Hex by Thomas Olde Heuvelt

Sometimes you come across a story that’s so unique it sort of blows your mind a little. It’s not often it happens, though, because as we all know, there are only about seven basic plots – they’re all just re-told with different words, different names and different combinations.

 

Hex tells the story of Black Spring, a small town in North America haunted by a witch. Katherine van Wyler was killed by the residents of the town three hundred and fifty years previously… but came back.

 

Possessing unique powers that caused people to kill themselves, some residents stitched up her eyes and mouth, rendering her nearly harmless.

 

Yet still she wanders the streets of the town. The residents have become accustomed to her presence, and have mostly accepted her as part of their lives. Appearing in their dining rooms during dinner, they throw blankets over her and carry on with their meals.

 

There is one price they have to pay. Once the residents are in her grip they find themselves unable to leave Black Spring for any length of time. After some time, two or three weeks, they are irresistibly drawn to kill themselves.

 

The townsfolk must stay in Black Spring, but in order to protect anyone else from Katherine, they must protect her from the rest of the world.

 

The idea of a haunting is not new, but the idea of this town being so accustomed to her that she is almost like a pet was so intriguing. I can understand the sudden appearance of this woman in your house being so incredibly creepy, but I’m not sure I can understand ever getting used to it. It’s an unbelievable scenario, yet somehow Heuvelt makes it completely believable.

 

Obviously, things start to go wrong. A group of children are curious, they have phones, they make recordings, and it starts a chain of events that cannot be stopped.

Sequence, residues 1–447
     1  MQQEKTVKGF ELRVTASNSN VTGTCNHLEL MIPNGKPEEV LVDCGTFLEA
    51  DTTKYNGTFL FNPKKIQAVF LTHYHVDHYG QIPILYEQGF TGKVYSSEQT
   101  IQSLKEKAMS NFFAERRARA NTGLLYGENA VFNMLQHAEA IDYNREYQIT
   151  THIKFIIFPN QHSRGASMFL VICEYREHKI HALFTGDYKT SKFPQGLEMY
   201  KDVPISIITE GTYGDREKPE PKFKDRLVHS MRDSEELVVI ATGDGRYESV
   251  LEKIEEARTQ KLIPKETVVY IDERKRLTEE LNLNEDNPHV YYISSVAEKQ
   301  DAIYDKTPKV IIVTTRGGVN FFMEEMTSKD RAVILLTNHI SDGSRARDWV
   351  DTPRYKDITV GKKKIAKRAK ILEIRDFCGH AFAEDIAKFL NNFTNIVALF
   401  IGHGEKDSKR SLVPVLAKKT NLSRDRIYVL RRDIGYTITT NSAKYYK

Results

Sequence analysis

Despite the obvious supernatural element, I’m not sure I would describe this book as horror. It’s tense and creepy, definitely, but it’s not initially gory.

 

This is a book about small town paranoia last seen (by me at least) in Stephen King’s Under the Dome – in that context, Hex is nothing new.

 

A small American town is cut off from the rest of the world – either physically or culturally – through some supernatural event, and their relationships become more and more strained, building to a dramatic climax.

 

The characters in Hex are real. The author has taken a real community and put something extraordinary in it. Too often, books like this are about the extraordinary, and the characters and society around it are moulded to fit it.

 

Katherine doesn’t fit in in Black Spring to the point that it becomes a fascinating point of contrast. We don’t ever see things from her point of view, but I couldn’t help but wonder what she was thinking. This witch with stitched up eyes and lips felt real to me, entirely because the town felt real.

 

I was describing it to someone at work who said they didn’t read horror and I tried to explain why that didn’t matter. Katherine is the stimulus for the plot, the cause of tension between the characters, but the story isn’t actually about her.

 

It’s about mob mentality and the paranoia of human beings when things start to go wrong. A huge amount of Hex could be kept the same if Katherine the witch was substituted for Kevin the sex offender (not casting any aspersions on any Kevin’s out there). Who and what the antagonist is, doesn’t matter.

 

Except for the ending. Without giving too much away, it was a little confusing. Imagine a meteor hitting a shopping centre and trying to explain in ten pages or so everything that happened to every one of the thousands of people in the shopping centre.

 

The trouble is, I wanted to know what happened, but I also didn’t have a spare five months to read about it, and the writer knew that. So, it was condensed, and I felt in some cases it might have been worth not learning what happened to some characters in order to focus on some of the others.

 

Our main character, Steve Grant, didn’t witness everything that happened at the end, and despite the fact that the book moved viewpoints throughout, I would have preferred the end to stay with him. The emotional impact of the ending would have been far greater.

 

That’s not to say it wasn’t great, but I can’t really talk about it without spoiling it too much. Suffice to say that if and when the TV series currently being developed by Warner Brothers does go ahead, it will make an epic end of season cliffhanger.

 

A strangely believable setting with a strong cast of characters, this tale of small town paranoia is definitely worth a read when it gets released in hardback at the end of April.

 

It’s not revolutionary, but damn, I’m not sure I’ll ever get past that creepy witch.

 

Hex by Thomas Olde Heuvelt scores an impressive 4.3 out of 5

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